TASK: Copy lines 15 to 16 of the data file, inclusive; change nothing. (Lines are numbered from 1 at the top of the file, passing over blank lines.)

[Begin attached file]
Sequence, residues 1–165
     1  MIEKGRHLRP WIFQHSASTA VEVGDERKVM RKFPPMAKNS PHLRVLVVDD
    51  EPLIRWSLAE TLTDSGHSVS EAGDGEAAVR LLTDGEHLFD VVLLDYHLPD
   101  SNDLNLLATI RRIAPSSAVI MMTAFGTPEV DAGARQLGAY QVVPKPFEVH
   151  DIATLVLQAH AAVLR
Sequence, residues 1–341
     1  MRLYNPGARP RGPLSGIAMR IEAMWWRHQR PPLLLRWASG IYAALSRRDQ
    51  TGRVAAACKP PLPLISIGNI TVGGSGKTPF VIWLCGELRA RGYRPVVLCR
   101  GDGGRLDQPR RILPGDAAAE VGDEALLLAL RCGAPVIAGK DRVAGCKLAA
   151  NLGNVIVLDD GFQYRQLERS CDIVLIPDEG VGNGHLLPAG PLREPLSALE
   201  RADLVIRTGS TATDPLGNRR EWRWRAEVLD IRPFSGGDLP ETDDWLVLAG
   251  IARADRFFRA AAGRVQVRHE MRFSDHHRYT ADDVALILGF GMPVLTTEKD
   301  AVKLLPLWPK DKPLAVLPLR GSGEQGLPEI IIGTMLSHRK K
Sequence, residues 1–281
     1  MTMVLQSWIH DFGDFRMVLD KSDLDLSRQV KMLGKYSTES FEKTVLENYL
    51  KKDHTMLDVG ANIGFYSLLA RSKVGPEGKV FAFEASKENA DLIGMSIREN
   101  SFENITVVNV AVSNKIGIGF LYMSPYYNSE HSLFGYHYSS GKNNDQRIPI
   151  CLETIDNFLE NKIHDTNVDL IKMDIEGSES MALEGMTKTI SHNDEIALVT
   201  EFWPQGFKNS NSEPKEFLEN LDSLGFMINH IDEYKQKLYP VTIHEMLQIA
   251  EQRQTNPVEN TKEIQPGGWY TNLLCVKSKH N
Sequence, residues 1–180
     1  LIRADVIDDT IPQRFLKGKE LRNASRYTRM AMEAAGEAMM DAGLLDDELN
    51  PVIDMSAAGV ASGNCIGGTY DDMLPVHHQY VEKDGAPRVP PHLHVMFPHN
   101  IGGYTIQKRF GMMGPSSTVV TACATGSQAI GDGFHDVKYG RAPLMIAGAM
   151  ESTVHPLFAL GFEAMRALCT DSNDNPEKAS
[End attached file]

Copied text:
     1  MTMVLQSWIH DFGDFRMVLD KSDLDLSRQV KMLGKYSTES FEKTVLENYL
    51  KKDHTMLDVG ANIGFYSLLA RSKVGPEGKV FAFEASKENA DLIGMSIREN